Live Review: Bad Breeding [The Polar Bear, Hull] July 22, 2019

By Editor
By August 14, 2019 Live, Reviews

It’s about an hour since The Polar Bear opened its doors for what’s sure to be one of the noisiest shows the venue has seen in recent years… if not ever! There were grumblings from local gig attendees about the choice of venue beforehand, though tonight’s event promoters Bleakhaus will be thrilled to see that the room is filling up to a cosy atmosphere already.

Opening band No Nothings have surely played a part in this, being firm favourites at The Polar Bear and across the city’s most notable venues. The trio are also popular with the Hull Noise Collective; many of whom are dotted throughout tonight’s audience in support of No Nothings, and no doubt eagerly awaiting the other acts in store throughout the night.

No Nothings are a sonic powerhouse of booming drums accompanying two guitars. No bassist here, as an underpinning bass sound is provided via one of the guitarists adding a bass amp into his rig, further solidifying the band’s sound as an absolute driving force to be reckoned with. Garage rock suddenly meets dynamic tempo-shifting more akin to modern psych, or post-rock, pulling familiar garage vibes into the 21st century, with a quick stop-off for a healthy dose of psychobilly along the way.

Amongst the twists and turns of an absolute barrage of riffs, is a reverb-drenched vocal delivered with powerful conviction. It all comes together into a set laden with feedback, speed, and intensity, establishing a firm tone for what’s to come once these most worthy openers have left the stage.

Having seen Bad Breeding (pictured) back in 2016 at Hull’s popular ‘FRüIT’ venue, I was both excited and a little nervous for their set tonight. Excited, as the band are genuinely some of the most interesting purveyors of modern punk I have seen in recent years. Nervous, as attendance at the FrüIT show was in all honesty… somewhat poor. Tonight however, the hardcore punks, the slam-metallers, and noise fans alike have come out en masse, meaning the band will have even more reason to thrive, if ever they needed it.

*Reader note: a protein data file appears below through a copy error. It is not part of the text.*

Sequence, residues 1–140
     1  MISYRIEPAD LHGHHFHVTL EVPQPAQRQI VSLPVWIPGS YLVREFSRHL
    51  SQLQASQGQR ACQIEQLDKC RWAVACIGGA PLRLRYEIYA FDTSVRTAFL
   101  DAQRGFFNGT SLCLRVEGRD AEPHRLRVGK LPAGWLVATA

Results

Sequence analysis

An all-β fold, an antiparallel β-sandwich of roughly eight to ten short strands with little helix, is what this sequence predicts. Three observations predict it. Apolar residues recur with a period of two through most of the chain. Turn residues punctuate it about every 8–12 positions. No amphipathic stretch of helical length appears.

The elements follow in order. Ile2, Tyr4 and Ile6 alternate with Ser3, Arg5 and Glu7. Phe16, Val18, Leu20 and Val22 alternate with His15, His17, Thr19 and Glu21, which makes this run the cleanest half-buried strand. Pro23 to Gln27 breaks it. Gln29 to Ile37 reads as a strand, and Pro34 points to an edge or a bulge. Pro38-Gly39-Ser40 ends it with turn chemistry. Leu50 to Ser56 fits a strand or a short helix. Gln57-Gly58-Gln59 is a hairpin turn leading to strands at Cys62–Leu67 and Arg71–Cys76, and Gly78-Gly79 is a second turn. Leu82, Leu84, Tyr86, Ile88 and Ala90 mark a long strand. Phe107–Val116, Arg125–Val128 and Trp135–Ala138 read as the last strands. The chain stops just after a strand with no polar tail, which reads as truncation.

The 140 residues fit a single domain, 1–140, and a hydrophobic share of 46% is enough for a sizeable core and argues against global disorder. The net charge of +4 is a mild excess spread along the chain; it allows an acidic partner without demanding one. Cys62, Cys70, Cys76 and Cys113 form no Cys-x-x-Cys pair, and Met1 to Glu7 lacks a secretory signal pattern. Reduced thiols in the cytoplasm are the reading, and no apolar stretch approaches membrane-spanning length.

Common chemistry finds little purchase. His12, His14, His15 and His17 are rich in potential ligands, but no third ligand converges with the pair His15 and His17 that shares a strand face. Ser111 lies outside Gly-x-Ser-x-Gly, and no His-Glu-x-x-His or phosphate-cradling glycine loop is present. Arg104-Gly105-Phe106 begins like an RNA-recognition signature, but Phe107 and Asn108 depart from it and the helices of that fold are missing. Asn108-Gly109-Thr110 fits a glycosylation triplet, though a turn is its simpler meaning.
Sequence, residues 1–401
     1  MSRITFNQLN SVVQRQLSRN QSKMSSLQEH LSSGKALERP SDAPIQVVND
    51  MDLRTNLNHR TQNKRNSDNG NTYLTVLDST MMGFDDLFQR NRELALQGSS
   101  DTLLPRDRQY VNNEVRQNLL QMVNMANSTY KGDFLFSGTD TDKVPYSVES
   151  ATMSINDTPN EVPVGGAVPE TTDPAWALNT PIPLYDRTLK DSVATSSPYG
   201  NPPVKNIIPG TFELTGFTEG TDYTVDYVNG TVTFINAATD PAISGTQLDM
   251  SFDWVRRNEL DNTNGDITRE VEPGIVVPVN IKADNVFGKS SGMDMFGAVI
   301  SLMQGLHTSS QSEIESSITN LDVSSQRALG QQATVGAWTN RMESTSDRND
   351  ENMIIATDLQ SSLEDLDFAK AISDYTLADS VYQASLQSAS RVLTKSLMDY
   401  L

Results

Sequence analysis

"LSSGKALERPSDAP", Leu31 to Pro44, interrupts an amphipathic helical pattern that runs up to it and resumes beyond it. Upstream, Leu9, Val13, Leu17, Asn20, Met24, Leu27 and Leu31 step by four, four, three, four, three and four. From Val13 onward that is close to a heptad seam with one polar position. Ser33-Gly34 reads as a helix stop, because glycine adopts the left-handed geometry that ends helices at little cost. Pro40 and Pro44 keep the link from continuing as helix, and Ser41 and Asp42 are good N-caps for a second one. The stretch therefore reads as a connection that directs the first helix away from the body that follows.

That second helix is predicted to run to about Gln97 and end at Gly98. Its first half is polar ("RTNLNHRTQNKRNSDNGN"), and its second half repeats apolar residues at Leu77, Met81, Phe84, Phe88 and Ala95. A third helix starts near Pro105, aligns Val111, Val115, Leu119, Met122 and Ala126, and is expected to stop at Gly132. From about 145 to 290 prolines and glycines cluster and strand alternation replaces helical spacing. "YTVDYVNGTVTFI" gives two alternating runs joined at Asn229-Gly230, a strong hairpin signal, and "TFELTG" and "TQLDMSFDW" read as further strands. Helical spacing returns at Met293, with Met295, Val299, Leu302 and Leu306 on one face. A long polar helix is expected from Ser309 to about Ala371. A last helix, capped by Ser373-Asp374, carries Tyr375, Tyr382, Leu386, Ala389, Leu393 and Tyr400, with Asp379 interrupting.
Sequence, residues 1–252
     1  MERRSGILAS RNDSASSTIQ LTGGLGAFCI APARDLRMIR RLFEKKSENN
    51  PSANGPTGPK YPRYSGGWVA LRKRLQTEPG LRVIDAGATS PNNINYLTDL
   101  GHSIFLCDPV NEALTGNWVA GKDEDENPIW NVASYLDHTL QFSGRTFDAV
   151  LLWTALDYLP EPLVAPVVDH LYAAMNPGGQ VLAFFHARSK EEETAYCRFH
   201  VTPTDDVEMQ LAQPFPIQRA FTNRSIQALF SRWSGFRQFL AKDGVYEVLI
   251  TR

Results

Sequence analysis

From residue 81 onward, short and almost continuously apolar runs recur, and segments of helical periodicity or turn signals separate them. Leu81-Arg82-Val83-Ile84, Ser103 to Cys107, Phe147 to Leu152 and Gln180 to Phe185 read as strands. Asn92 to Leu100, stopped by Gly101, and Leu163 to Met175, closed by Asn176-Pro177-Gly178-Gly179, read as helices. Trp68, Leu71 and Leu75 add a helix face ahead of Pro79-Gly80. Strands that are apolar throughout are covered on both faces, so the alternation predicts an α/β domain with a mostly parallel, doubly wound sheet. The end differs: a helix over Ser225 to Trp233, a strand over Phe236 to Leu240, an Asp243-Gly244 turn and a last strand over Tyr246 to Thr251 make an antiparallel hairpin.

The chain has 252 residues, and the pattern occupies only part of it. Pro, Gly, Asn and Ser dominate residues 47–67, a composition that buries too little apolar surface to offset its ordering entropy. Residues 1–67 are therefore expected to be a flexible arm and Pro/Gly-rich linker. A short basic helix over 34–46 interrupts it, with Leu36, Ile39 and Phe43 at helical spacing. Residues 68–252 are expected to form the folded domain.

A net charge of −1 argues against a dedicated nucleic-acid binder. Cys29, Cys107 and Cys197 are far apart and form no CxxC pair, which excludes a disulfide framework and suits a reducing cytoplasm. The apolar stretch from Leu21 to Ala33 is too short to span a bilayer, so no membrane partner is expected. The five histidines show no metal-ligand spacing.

Delivering a visceral, searing onslaught right from the get-go, Bad Breeding mean business. It’s not long before the floor opens up into some intense mosh-pits, with the band’s frontman joining the crowd and adding to the energy.

The ambitious riffs just keep coming, and the band manages to lock-in seamlessly in a display of real musicianship as tight as you’ll see anywhere. This is made only more impressive, considering even the bassist is using an array of effects pedals that many guitar players would find more than suitable, building up layers of noise in a truly clinical fashion. The dynamic shifts keep me guessing the entire time, but guesswork doesn’t enter the equation for the perfectly rehearsed Bad Breeding; just as tight live as they are on their highly acclaimed records. Even the gruelling vocals match these unorthodox patterns in a display that seems almost mechanical. Beyond human! It’s massively impressive how the lone frontman can dart across the stage and out into the crowd whilst constantly maintaining the vocal… ‘melody’? I admit, it seems unusual using that word, when there are few moments throughout the set that can be called traditionally ‘melodic’.